The controversial debate around migration and development has been gaining momentum in contemporary debates on global affairs in a time sometimes referred to as the ‘age of mobility’. The World Bank estimates that as of 2013, there were 247 million international migrants representing about 3% of total world population. This figure is expected to increase in the future as complex push and pull factors continue to drive migration across the world. This figure also does not include most irregular migrants who move clandestinely and once in their country of destination often remain for years under the radar and work in the informal sectors or as unofficial workers.
More than 1 million refugees and migrants are reported to have entered Europe in 2015 alone and an additional three million are expected by end of 2016. According to UNHCR , 90% of all arrivals to Europe via Mediterranean in 2015 are from the top ten refugee producing countries in the world, raising the question as to whether this is a refugee or migration crisis for Europe and even whether it is a crisis at all when over 86% of the world’s refugees are already hosted in countries in developing regions.
The issue of migration raises temperatures on all sides of the debate – there are few subject that are as politically sensitive or as taboo. Most mainstream parties tread very carefully around migration policy and in the process often avoid taking clear positions on issues that are of considerable concern to their constituents.
Media coverage and commentary on migrants’ and refugees’ journeys often generate compassion and sympathy, especially when tragic events occur. At the same time, reporting has had the potential to stir up, evoking anti-migrant sentiments, antipathy and/or fear, obscuring facts and often denying the public and policy makers opportunity to debate migration and development from an informed perspective.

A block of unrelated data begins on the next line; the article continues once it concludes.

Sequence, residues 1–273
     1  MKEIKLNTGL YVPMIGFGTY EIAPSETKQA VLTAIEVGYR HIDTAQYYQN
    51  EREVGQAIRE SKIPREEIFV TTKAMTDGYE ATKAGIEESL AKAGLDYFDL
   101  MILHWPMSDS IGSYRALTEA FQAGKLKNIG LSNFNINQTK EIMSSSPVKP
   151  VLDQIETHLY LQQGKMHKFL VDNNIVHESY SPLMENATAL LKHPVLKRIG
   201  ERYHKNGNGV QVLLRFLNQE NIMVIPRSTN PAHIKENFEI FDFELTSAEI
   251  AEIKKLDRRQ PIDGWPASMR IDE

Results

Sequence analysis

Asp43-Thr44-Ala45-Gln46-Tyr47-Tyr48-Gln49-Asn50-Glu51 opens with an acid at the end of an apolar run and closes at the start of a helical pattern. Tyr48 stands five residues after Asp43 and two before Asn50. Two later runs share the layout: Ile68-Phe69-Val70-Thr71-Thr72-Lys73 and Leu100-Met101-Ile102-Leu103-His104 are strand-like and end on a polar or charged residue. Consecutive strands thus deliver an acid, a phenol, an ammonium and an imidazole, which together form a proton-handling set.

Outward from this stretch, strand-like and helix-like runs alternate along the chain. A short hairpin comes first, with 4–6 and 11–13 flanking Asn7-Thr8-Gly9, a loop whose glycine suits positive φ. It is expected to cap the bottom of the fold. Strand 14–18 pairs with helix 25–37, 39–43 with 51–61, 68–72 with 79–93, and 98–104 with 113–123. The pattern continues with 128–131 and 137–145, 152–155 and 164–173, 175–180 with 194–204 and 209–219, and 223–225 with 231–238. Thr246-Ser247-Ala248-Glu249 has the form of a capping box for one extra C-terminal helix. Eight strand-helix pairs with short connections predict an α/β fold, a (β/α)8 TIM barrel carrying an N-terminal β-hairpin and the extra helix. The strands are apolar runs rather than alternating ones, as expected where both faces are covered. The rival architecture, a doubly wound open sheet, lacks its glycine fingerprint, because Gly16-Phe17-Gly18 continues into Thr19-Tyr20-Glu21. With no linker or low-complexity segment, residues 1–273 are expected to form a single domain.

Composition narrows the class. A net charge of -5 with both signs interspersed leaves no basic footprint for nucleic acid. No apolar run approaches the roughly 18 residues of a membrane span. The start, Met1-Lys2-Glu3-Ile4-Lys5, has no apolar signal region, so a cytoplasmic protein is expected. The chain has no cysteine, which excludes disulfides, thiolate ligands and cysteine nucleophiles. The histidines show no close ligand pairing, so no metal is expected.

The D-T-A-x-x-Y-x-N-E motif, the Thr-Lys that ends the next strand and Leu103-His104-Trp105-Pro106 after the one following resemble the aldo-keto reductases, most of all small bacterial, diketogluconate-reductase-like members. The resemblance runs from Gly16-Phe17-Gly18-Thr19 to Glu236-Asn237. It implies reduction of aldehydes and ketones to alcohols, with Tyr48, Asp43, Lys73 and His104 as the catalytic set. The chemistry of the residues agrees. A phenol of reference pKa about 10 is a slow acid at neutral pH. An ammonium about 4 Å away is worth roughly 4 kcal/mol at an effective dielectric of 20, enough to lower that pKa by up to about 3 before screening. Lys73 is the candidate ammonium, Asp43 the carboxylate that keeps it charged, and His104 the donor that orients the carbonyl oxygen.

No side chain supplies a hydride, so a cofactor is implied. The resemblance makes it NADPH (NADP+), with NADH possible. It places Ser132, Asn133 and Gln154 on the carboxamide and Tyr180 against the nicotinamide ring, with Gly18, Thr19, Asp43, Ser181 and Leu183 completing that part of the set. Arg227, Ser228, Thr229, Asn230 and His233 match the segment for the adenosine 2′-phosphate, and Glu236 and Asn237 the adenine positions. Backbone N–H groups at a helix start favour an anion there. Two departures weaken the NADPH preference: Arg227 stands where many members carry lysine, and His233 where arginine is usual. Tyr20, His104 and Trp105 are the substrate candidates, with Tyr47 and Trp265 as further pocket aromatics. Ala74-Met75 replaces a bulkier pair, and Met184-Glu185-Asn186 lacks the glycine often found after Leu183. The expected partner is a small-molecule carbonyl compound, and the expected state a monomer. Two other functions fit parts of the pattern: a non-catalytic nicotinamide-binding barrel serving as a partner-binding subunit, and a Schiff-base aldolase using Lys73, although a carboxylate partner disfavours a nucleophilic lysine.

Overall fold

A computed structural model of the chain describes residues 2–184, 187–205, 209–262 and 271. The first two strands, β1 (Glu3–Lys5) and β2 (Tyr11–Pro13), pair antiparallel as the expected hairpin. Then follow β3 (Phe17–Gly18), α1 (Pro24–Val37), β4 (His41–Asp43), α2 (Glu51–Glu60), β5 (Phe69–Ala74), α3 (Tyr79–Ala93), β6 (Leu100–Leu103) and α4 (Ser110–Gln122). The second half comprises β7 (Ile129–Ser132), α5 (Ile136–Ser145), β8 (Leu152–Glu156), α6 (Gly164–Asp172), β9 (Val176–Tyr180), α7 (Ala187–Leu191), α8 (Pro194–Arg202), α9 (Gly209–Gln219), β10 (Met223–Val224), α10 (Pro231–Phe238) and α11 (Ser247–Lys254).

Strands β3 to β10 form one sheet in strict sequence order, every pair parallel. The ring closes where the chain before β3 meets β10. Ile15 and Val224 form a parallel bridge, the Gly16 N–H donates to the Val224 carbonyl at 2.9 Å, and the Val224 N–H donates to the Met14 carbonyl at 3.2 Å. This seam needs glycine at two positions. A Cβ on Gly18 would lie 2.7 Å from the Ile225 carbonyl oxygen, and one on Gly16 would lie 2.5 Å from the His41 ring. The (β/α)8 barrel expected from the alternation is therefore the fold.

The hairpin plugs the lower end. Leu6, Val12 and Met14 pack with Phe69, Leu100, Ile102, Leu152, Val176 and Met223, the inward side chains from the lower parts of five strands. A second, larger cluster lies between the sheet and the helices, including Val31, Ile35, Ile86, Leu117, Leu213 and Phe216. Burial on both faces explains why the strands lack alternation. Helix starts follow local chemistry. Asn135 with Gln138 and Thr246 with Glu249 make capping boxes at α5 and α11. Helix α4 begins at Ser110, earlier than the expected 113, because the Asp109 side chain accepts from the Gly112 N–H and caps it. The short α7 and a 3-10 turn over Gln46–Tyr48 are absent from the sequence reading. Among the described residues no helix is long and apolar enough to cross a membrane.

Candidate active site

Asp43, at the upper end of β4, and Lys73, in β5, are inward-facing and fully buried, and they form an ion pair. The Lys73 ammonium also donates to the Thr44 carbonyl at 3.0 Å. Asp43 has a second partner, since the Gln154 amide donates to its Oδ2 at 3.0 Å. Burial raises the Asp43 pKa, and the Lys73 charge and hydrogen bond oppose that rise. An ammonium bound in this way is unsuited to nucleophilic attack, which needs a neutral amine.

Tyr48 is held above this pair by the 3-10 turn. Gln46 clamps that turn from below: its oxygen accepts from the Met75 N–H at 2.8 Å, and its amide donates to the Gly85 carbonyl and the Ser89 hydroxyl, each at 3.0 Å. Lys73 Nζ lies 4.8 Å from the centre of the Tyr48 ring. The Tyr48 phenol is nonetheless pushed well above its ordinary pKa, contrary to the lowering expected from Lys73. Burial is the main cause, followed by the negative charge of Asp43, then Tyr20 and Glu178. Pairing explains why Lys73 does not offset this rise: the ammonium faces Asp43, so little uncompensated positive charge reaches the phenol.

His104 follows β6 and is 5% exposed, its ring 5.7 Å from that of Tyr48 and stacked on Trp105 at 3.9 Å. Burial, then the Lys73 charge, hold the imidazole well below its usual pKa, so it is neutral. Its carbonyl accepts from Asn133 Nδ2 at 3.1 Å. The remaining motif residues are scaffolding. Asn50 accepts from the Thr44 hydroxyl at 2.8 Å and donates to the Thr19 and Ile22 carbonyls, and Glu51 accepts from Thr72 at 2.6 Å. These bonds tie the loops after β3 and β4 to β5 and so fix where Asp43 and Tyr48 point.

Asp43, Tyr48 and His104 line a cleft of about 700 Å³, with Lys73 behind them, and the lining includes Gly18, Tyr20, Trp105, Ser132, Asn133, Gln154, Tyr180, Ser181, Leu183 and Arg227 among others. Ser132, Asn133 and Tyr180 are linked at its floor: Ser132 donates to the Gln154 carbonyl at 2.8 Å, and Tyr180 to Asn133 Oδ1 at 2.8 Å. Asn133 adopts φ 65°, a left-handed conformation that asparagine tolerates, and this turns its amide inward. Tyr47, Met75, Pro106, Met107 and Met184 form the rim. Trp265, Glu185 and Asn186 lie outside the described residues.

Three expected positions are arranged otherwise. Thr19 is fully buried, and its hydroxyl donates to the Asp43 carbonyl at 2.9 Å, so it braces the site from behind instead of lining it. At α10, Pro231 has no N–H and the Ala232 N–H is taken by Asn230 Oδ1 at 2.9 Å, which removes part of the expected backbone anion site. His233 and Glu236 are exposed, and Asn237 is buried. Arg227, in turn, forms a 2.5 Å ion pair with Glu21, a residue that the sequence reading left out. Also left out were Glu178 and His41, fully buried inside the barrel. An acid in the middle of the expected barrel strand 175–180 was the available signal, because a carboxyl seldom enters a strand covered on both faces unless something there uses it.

The United Nations stated in a press release during the International Migrants Day in December 2015. “This new era has […] served to underscore the clear linkage between migration and development, as well as the opportunities it provides for co-development, that is, the concerted improvement of economic and social conditions at both origin and destination”
Echoing this sentiment, the latest research study by the Regional Mixed Migration Secretariat (RMMS), A Certain Catalyst, seeks to bring balance to the great migration debate by addressing various myths associated with migration and highlighting ways in which migration could or actually does contribute to development. RMMS considers that full public discussion of the central issues is necessary to stimulate forward thinking and rational policy engagement in relation to the migration discourse.
The report, which also explores the specific linkages between migration and development in the Horn of Africa and Yemen region, examines issues such as diaspora engagement, remittances, labour migration, free movement and refugee economies.